Wednesday, November 16, 2011

Balkans Good

Serbia is well off the worn tourist trail even by Eastern European standards. This nation has a big PR problem from the breakup of Yugoslavia and the seige of Sarajevo. I sometimes wonder if these mitgating factors led the locals in that country to be so welcoming. I always felt a sense of ease and comfort while travelling around Serbia and would not hesitate to return. Perhaps it was the just Vojvodina province that is like this and the south is different since the two parts have a much different history to them.

I was warned in guidebooks and by expats of all the swindles and thievery that goes on in Romania to the point of pre-trip apprehension. People everywhere we went were totally honest in every transaction. As a grand finale on our last day, I left a $100 Canadian along with $5 US dollars and a pair of Oakley sunglasses under the rental's seat. The third party car cleaner/finder relayed the cash and glasses through 3 sets of hands back to me

The natural scenery and national parks of these countries is comparable to anywhere else in the world and makes it difficult to believe you are in crowded Europe. The timber, mineral and tourist potential is enormous. Serbia's Vojvodina province is perfect, flat black soiled farmland and an important food grower.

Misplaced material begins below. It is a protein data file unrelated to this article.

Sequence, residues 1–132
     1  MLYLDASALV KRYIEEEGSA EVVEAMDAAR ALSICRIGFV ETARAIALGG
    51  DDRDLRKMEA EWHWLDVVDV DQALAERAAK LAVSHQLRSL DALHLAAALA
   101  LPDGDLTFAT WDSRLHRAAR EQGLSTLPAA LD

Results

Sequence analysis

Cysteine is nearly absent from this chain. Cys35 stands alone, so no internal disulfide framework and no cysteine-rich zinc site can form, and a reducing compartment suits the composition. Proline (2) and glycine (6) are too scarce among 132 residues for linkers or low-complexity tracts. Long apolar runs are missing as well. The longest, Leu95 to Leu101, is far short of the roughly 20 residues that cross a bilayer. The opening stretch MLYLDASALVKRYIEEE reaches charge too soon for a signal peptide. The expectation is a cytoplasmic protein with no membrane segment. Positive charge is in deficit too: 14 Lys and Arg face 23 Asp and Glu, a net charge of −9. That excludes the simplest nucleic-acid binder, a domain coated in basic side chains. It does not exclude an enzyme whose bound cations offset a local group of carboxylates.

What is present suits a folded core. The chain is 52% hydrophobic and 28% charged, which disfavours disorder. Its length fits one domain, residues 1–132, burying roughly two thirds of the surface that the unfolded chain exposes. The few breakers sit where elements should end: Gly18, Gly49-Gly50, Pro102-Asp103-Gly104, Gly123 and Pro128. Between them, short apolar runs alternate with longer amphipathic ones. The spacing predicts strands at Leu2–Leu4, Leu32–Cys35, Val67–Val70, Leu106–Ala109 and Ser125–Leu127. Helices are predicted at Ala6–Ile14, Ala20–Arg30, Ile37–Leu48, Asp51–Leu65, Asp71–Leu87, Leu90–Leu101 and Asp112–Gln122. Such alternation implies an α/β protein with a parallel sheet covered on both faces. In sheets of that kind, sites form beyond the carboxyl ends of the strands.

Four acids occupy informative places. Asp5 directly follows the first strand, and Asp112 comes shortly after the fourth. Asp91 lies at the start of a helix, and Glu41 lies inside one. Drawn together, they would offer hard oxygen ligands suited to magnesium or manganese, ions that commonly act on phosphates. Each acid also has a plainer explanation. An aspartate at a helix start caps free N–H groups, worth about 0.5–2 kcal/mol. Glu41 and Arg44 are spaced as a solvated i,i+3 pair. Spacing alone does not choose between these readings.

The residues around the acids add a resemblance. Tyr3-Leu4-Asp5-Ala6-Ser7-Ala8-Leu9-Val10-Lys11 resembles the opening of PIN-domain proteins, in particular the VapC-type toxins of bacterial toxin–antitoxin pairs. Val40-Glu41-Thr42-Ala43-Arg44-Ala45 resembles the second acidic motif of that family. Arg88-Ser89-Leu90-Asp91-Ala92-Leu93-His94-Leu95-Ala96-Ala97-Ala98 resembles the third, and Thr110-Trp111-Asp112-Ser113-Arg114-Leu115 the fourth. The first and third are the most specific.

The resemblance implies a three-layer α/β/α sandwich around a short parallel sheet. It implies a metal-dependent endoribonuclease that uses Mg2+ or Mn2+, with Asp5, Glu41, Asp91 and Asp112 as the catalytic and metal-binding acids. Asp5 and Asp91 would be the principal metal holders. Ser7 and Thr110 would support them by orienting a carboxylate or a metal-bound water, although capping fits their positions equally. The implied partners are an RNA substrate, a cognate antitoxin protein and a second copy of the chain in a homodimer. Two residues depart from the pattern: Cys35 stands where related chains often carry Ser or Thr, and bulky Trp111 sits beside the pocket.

I would like to return to the Balkans, starting with something like the an electronic music fest that was started to protest the Serbian nationalist Milosevic in 2000. It has evolved into an acclaimed, electronic music and arts fest and just so happens to play much of what is on my iPod to. It takes place in the fortress overlooking Novi Sad and that setting seems ideal with its acreage of tiered lawns and spectacular views.

From here a trip through the southern reaches of Serbia and into Montenegro then travel the Black Sea coast up to Moldovia and north Transylvania all via motorcycle.

 These nations offer a low cost adventure holiday into the remnants of communism, an area rich in history and culture as all of Europe is but at a 50% discount. The people are genuinely interested in where you come from and how you live back in your own homeland. Of course this interest is proportionate to how far off the beaten tourist tracks you are. In the heavily tourist-ed zones you get the same jaded zombie service employees you'd find in places like Prince Edward Island or Orlando.